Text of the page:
We have rules about gift-giving at Christmas. Lately, we’ve adopted the eminently sensible practice wherby every adult buys one gift for one other adult, with somebody (or an app) supervising the allocation so nobody misses out. It remains open slather for children — which is okay because at the moment there’s only the little elf. Reduces our expenses overall, but also allows each individual adult giver the ability to give a ‘better’ gift. So what’s a ‘better’ gift?

First and foremost, it has to be useful. My mother would knit acrylic jumpers in neon colours with my name on the front and, on occasion, one sleeve longer than the other. I was in my thirties at the time. I’d effusively thank her then drop it in the nearest bin on the long trek home. Ditto for the ornamental Austrian cowbells we received one year. WTF they imagined we’d do with that, I never asked. Bin. We have dealt with useless gifts in the past by re-gifting them to people we don’t like, but now we just ignore people we don’t like, so we’re stuck with them. Gifts must be useful!

Secondly, it doesn’t (really) matter about the price. Obviously a packet of Tic-tacs is a shit gift, but it doesn’t have to be diamond earrings either (sorry wife). A well-chosen gift is exponentially more valuable than its ticket price. Again, get them what they want. Learn their secret desires through cunning subterfuge, by listening to the unsubtle hints they drop, by asking them or ferreting around in their Google search history (err… warning!). The pleasure of giving a wanted gift obliviates the cost of it.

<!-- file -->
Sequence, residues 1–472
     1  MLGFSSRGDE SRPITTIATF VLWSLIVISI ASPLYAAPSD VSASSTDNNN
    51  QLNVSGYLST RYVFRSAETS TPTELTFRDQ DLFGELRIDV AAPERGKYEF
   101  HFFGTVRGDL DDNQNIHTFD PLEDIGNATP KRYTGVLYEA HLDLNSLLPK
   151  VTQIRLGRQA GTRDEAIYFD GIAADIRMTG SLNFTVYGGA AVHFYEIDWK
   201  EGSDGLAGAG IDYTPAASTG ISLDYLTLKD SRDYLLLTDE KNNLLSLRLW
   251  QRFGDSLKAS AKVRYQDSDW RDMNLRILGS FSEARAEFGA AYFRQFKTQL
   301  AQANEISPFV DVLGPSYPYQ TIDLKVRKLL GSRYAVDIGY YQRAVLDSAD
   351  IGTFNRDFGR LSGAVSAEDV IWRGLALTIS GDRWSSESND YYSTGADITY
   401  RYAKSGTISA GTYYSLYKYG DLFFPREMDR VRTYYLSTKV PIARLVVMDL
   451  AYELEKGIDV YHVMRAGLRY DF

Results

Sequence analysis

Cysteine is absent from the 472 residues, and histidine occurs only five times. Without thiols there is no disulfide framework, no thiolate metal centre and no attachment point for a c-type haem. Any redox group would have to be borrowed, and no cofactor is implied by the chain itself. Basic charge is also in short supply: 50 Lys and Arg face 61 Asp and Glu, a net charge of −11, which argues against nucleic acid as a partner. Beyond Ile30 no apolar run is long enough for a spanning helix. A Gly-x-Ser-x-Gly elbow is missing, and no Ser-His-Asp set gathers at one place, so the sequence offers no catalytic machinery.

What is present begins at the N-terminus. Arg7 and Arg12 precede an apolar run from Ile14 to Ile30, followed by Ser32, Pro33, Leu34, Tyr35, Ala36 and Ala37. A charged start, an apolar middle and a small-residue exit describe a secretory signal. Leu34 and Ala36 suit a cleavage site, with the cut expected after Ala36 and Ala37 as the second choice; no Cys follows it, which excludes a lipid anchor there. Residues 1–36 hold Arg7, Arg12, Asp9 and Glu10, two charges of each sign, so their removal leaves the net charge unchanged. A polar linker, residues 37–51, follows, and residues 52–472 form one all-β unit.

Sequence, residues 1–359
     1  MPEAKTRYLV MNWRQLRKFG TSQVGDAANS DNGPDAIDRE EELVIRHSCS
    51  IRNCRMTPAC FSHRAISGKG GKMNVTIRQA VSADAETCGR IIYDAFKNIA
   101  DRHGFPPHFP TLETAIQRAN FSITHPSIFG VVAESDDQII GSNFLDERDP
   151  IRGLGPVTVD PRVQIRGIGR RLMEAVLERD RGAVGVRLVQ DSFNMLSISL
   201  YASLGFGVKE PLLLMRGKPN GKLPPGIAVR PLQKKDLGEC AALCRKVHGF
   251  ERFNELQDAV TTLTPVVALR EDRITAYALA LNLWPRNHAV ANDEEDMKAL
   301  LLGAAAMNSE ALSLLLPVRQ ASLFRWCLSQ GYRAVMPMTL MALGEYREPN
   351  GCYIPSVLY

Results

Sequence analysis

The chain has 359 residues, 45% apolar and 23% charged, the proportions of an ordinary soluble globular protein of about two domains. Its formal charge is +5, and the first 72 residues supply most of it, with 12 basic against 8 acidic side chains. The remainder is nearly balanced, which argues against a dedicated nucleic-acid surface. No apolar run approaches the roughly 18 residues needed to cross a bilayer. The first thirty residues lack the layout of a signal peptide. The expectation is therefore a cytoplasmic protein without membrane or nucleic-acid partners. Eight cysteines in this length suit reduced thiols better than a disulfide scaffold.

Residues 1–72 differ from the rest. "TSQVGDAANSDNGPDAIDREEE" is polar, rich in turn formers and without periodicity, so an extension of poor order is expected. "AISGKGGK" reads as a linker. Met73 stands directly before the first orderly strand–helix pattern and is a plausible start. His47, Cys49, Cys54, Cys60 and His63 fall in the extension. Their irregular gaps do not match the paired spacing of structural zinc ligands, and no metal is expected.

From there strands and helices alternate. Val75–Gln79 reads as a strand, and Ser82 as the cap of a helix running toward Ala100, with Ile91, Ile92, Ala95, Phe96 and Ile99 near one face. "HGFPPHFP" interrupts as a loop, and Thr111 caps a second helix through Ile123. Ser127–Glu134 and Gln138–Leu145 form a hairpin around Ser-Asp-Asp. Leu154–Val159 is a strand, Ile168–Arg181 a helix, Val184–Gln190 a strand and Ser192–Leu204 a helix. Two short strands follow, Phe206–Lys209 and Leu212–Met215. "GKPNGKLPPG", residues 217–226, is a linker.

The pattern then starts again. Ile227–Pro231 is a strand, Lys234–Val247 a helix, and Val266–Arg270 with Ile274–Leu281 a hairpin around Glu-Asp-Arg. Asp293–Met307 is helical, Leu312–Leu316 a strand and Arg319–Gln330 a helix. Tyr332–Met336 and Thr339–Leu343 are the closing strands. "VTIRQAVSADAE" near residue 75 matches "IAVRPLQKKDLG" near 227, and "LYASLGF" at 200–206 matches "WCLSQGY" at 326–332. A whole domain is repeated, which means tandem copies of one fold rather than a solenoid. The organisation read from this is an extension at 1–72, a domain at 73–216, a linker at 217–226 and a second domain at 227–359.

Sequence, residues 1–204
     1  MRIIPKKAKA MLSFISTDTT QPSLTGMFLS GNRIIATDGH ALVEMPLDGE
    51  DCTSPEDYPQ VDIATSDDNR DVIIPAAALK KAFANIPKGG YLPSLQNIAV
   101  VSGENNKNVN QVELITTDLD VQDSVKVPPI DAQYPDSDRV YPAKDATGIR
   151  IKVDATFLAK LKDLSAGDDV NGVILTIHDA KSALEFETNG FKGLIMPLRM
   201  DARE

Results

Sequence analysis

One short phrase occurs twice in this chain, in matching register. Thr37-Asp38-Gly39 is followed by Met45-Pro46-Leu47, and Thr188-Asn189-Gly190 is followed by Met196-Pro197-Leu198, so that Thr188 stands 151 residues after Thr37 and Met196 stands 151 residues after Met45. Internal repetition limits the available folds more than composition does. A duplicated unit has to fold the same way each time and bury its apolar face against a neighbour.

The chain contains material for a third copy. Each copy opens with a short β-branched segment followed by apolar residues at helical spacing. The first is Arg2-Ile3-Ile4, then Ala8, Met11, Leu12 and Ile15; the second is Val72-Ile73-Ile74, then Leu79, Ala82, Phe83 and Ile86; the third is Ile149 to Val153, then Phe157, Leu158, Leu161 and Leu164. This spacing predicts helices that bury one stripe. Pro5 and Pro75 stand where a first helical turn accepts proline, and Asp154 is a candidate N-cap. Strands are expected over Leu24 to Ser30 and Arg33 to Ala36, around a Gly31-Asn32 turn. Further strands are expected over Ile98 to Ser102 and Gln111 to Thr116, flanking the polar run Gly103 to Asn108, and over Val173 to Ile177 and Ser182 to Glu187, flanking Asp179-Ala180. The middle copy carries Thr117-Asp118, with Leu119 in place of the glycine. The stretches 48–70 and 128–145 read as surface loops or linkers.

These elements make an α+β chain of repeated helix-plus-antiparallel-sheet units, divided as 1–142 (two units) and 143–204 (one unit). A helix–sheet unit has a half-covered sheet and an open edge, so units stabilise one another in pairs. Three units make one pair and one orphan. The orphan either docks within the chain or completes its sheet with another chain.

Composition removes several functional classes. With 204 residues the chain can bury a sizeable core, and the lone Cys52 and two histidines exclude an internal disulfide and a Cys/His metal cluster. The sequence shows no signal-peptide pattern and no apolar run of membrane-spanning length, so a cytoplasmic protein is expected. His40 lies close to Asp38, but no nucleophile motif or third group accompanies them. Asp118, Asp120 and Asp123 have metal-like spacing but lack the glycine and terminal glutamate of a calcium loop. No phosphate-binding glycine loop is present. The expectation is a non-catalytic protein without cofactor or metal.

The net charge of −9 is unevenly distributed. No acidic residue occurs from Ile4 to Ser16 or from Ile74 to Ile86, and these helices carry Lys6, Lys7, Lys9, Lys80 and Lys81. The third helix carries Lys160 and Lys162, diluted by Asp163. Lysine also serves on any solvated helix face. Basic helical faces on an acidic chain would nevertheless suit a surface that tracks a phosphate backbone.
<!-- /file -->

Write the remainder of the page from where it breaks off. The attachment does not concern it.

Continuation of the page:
Third, try giving an experience not a thing. A voucher to go shopping together, a spa-treatment together, white-water rafting, abseiling, tickets to a concert together, or a play. You get the gist. Again, judge this carefully. Just because you’re related to somebody doesn’t mean you like them. I’m not having a spa treatment with my mother. I’d go bungee-jumping with her, though. Seeing her at the end of a rope would fill me with Christmas cheer!

Fourth, you could contribute towards something outside their (and your) price range. It might feel a bit lame, but try it. I suspect this is how Dyson products sell, otherwise who’d buy a $600 hairdryer? Guilty husbands making reparations aside, this is a contribute-towards gift idea. If they already bought the unconfortably-expensive thing, massage their guilt by accessorising it. Soften the blow. Leather steering-wheel cover for the new Koenigsegg, sort of thing.

Lastly, make it yourself. This is especially true of food. If you make world-class brownies, buy them a nice (but useful) plate/tray/whatever and fill it with goodies. If you’re handy with an awl, then a lifelike depiction of the Fellowship of the Ring in walnut and white pine to hang on the wall in their study would go straight in the bin be perfect. Only do this is you are seriously good at something, though. A 9×7 handmade chessboard with pieces resembling characters from The Name of the Rose (1986) probably doesn’t tick the box.

So if you’re stuck with three days to go and one difficult gift yet to give, take heart. You don’t have to fall back to giving money or vouchers (the most appreciated gifts of all, BTW). You don’t have to cheat and simply buy alcohol (the second most appreciated). You still have time to bake up a pile of scrumptious gingerbread men, perhaps on a hand-painted plate showing the original gingerbread man of yore being devoured by the hungry fox! Run, run, run ….

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